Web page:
Beets and onions in my All-American Sun Oven
Even if you don’t have a wood stove, summer cooking in sweltering North Carolina really heats up the house, and then it takes extra energy to cool it back off to a tolerable temperature. That’s energy I neither want to fork over money for, nor want to pay the ecological consequences of using. When we built the house, we planned from the beginning to move cooking outside for the hot months (April-October). This is an historical adaptation. Many houses in the South had outside summer kitchens before the advent of air conditioning.
Also, we felt the resilience factor of heating and cooking with home-grown wood was important. But the budget was too tight to make the house big enough to accommodate both a wood cook stove and a regular stove/oven, and we couldn’t really afford duplicate appliances anyway. So we have no regular electric or gas stove.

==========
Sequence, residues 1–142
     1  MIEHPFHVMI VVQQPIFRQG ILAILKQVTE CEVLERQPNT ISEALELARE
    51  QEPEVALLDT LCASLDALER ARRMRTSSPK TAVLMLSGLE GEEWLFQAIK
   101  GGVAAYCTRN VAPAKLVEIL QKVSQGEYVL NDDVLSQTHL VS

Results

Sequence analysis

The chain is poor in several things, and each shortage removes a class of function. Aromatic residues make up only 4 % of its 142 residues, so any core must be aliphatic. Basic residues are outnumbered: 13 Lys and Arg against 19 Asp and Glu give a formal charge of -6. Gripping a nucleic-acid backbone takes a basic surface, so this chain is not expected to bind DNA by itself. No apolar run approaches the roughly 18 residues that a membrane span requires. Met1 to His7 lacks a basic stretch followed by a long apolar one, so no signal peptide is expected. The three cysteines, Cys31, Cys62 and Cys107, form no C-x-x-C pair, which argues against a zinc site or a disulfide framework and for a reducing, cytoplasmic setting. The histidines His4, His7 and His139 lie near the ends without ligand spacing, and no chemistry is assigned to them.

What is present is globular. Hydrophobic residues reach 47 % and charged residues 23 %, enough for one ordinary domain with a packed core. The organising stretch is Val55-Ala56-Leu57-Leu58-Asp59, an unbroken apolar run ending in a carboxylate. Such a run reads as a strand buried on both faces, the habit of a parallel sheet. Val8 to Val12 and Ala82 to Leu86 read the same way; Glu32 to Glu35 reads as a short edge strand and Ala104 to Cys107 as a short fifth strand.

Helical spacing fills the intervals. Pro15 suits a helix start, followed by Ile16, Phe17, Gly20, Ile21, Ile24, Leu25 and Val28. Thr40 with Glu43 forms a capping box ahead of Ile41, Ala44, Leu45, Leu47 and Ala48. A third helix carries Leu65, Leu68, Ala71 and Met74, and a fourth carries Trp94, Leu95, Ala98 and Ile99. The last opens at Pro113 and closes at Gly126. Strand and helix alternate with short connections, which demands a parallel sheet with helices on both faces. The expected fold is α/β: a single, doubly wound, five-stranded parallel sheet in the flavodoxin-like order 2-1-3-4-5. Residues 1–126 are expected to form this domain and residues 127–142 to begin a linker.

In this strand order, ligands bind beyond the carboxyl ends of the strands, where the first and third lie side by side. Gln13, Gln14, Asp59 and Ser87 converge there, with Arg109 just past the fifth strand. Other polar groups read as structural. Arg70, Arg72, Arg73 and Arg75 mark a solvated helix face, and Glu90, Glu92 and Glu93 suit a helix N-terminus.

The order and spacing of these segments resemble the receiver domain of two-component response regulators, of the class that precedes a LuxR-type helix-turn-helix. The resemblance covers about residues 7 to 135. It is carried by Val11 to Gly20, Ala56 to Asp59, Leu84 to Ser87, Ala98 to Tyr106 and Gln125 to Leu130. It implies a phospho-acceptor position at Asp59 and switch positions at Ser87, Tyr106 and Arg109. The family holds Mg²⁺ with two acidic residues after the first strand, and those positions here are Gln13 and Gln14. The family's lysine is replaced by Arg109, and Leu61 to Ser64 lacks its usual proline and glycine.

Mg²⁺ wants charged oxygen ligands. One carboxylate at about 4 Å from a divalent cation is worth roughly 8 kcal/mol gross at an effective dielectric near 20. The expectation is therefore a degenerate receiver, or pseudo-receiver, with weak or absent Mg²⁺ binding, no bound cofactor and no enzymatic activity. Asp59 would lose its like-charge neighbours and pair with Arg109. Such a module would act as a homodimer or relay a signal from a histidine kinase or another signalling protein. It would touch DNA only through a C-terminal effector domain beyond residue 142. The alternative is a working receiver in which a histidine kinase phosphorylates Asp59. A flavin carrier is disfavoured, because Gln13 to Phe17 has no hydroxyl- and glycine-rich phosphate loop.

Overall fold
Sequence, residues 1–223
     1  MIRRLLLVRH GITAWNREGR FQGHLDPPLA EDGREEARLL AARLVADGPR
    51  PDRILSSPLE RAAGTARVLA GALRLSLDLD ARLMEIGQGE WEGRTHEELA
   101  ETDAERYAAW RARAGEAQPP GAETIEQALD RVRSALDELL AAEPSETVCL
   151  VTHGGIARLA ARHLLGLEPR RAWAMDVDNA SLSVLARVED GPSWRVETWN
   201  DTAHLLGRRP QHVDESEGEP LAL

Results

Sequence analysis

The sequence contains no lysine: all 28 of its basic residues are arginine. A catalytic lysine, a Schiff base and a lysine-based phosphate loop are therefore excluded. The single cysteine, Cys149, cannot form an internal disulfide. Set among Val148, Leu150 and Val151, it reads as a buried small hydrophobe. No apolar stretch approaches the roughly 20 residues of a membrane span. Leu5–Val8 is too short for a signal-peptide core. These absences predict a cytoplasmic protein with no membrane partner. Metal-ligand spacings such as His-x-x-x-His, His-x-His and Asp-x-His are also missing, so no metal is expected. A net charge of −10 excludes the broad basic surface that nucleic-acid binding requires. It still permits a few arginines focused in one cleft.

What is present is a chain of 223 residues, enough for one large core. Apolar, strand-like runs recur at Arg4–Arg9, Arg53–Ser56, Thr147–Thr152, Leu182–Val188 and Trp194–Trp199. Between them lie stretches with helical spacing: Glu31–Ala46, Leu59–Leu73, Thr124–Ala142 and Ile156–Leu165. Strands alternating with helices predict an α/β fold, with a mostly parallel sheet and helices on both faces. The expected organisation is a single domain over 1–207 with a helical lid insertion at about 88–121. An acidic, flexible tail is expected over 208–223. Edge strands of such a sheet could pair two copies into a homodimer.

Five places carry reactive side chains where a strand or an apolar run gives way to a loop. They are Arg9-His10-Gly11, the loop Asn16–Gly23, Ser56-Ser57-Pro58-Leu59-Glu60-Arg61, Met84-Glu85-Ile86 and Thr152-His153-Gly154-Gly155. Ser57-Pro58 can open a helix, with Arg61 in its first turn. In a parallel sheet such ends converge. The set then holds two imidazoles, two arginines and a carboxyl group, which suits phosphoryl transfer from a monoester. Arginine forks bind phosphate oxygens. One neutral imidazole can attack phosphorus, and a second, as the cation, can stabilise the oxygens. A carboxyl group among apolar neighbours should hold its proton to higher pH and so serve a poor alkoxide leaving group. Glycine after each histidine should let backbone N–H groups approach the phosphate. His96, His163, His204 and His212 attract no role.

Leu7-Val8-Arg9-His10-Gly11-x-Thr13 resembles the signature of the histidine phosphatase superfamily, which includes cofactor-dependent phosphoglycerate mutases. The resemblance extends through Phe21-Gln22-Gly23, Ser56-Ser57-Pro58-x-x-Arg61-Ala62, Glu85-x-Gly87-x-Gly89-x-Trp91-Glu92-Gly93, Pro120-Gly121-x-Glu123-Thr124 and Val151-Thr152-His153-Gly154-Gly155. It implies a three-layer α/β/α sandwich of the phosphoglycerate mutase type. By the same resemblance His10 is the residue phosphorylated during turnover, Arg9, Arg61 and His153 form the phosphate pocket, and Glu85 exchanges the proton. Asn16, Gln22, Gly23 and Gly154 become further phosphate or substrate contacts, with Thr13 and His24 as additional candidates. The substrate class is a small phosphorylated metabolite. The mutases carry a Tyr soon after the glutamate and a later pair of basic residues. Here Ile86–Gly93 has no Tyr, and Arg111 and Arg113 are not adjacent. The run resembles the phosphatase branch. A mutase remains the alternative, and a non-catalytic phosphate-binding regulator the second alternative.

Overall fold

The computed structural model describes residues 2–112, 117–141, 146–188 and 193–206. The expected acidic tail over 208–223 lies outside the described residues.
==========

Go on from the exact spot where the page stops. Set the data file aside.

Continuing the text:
For summer stir fries and breakfast eggs, I currently cook on the patio on a dual-fuel Coleman that has been with me since I lived in my truck, long before I was married and saddled with these beautiful kids. It burns about 5 gallons of gasoline per year. I have my eyes on some very compelling rocket stove options to utilize small-diameter wood (which our land produces in near infinite quantity), but I haven’t yet done extensive testing.
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